Hero for Our Time is set against the beauty of the Caucuses Mountains. The structure consists of five novellas with differing points of view. The most compelling scene depicts a duel. Dueling in Russia at this time was rife and deadly. Pushkin himself was killed in a duel. The government outlawed the practice but duelers always found a secret place and a way to carry on the duel, little caring they could face arrest if they were discovered.
What makes Hero so vivid is the duel is set on a cliff. The idea is almost ridiculous, so over the top that it couldn’t be real. But that’s the point. Lermontov wanted to set his duel in a way that would be memorable.
To my mind there is nothing so beautiful as the ancient city of Kyoto. The shogun had Edo, but Kyoto was fit for an emperor.
Kyoto is full of stories and ghosts. It has a dash for the dramatic too, with thousands of shrines and temples, it is the sacred heart of the country where a bloodied samurai once hid out in a cabin after an assassination attempt for his part in modernizing Japan.
One of the most famous shines is Fushimi Inari Shrine, a tantalizing spectacle for the eye you’ll want to get lost in. The shrine showcases thousands of jaw-dropping bright torii gates, you wind your way through to get to the shrine. This is one place where the journey really counts.
Kyoto is also home to Gion, the traditional Geiko district. If you hang out, or are lucky you might see the Geisha as she scoots to her engagements around the old city streets.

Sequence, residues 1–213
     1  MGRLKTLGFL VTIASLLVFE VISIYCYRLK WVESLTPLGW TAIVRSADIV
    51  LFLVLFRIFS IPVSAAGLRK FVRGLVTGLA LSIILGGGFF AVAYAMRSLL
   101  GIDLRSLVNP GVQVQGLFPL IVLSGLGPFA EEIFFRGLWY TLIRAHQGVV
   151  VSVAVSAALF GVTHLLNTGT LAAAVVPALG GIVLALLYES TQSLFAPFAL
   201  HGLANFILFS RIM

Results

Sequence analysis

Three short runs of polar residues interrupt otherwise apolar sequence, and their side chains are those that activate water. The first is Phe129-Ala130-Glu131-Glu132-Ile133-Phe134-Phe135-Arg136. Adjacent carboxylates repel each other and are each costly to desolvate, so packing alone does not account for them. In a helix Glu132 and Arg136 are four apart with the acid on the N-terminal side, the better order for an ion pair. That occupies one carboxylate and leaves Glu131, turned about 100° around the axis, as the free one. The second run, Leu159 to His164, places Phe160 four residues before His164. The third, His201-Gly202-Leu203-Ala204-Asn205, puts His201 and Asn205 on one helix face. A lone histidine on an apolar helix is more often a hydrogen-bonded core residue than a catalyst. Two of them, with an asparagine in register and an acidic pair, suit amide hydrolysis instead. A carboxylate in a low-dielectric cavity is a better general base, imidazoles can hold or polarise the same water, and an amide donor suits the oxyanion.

There are tourist traps in Kyoto like any other city, but if you want to mingle with real Geisha you’ll need to be invited to a prestigious tea house, and if you’re George Bush or a wealthy industrialist you might have a chance, though it won’t guarantee you entry. Yes, it’s that hard.
Fall is one of the best times to see Kyoto. The maple tree is well-cultivated and nothing is more breath-taking than seeing the fiery show of these beauties as they change with the seasons.
Autumn is also a great time to grab a sip of plum sake, and head for Gion for more Geisha-watching, because you’re not important enough to enter the tea house.
Shrines. Geisha. History and bloodied samurai. Yet, nothing says Kyoto like cherry blossoms. Hanami is the very best time to visit Kyoto.
You’ll see lots of Geisha if you go to Kyoto during cherry blossom season, so go and rejoice. Grab your camera, but keep a respectful distance. You’re in Kyoto and you’ll have to be happy with a look on the outside. If you’re David Bowie, you might get into the tea house.
The woodblock was a Chinese import Japan took to her heart. The art existed before moveable type, but arrived late to the island nation. Ukiyo-e artists of the so called floating world flourished during the 17th Century and beyond. The floating world refers to the dominant culture in Edo celebrating beautiful women of the Yoshiwara, kabuki actors, history, and natural landscape.
The most famous artists, Utamaro, Hokusai, Harunobu and Hiroshige created a stir by publishing series dedicated to the most famous courtesans of the day. Tamigeko. Takao. Katsuyama. All sat for woodblock masters and became household names.
There was no better buzz or copy than to sit with a Ukiyo-e master. If a girl was really famous, the woodblocks created a stampede in front of the printer’s store, with no time for ink to dry. They were revered and treasured by men who dreamed of a night with the famous Takao. A sort of Edo Tigerbeat Magazine.